Quebecers waste too much
In Quebec, 1.2 million tons of edible food are lost every year.
The very first study on food waste across the province, conducted by Recyc-Québec, finally reveals precisely the extent of the phenomenon. Every year, from the fields to our plates, no less than 1.2 million tonnes of edible food are wasted. Losses that are not without consequences.
“This first study was done with the aim of understanding and quantifying food losses and waste in Quebec, not only in terms of tonnage, but also of GHG production,” explains Sophie Langlois-Blouin, vice-president of the performance of Recyc-Québec's operations.
In fact, to better tackle the problem, the government corporation wanted to paint the most complete portrait possible. And the report is not very encouraging.
The study establishes that 16% of the 7.5 million tons of food that enters the Quebec food supply system each year are lost while they are still edible. This represents 1.2 million tonnes, to which are added 1.9 million tonnes of inedible food residues, such as bones or peels for example.
“What we also see is that there are losses at all stages, adds Sophie Langlois-Blouin. We must therefore act at all scales, from production to consumption, including processing, distribution and retail.”
Excerpt from the final report of theQuantification study of food loss and waste in Quebec conducted by Recyc-Québec
A cost for the planet
Who says food thrown in the trash means wasted resources and also pollution. And in the province, Recyc-Québec has calculated that the 1.2 million tonnes of edible food lost generates 3.6 million tonnes of CO2 equivalent per year.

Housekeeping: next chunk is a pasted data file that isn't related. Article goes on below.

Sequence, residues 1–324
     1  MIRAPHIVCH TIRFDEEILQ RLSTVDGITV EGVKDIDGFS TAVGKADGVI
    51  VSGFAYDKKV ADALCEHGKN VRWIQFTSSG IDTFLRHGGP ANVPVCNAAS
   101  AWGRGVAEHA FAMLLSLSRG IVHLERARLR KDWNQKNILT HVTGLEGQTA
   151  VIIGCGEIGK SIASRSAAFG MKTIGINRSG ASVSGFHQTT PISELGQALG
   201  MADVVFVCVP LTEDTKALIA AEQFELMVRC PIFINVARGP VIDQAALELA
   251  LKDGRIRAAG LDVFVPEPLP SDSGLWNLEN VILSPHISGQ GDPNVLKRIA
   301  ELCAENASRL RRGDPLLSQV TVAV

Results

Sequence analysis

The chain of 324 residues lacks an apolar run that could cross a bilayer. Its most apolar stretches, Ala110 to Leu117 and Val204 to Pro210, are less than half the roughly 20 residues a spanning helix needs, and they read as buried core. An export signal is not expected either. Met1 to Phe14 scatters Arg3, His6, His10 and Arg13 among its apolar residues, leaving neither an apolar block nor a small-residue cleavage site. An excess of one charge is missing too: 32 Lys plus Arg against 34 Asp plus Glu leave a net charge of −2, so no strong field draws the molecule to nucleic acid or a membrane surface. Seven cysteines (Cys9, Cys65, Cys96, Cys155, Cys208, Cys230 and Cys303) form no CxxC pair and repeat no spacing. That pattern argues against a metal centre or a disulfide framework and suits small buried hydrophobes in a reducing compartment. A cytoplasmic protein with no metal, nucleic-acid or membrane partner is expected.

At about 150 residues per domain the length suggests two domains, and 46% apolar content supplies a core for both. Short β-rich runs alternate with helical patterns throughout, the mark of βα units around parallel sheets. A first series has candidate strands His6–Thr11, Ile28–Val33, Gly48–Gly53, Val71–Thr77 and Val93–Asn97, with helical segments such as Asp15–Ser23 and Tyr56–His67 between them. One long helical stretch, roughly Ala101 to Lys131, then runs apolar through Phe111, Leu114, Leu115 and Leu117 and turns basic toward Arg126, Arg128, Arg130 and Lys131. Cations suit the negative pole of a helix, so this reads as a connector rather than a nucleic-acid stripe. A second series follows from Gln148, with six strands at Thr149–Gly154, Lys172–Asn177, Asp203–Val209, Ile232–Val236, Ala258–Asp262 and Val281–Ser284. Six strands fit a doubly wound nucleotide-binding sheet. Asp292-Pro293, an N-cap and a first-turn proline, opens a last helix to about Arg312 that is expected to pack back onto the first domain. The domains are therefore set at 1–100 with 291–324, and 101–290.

In this regard, “all foods are not equal,” however, emphasizes Sophie Langlois-Blouin. “What we waste the most are fruits and vegetables, but it's the meat that has the most impact in terms of GHG production,” she says.
Indeed, while meat accounts for only 13% of wasted edible food, it is responsible for 59% of GHG emissions attributed to food waste in Quebec.
ACPG: lost or wasted edible food, PNCA: associated inedible parts – Excerpt from the final report of theQuantification study of food losses and waste in Quebec conducted by Recyc-Québec
By supporting initiatives that fight against waste and by raising public awareness of this problem, Recyc-Québec hopes to see the amount of wasted food decrease over the next few years.
“We will continue and intensify our efforts because we know that this is an issue that has important consequences, explains Sophie Langlois-Blouin. There are already a lot of things being done, for example food is redirected to community organizations, composted, reused in animal feed or companies give it a second life.”
< p>A second version of the study which will make it possible to evaluate the effects of the actions implemented should be carried out within three to five years.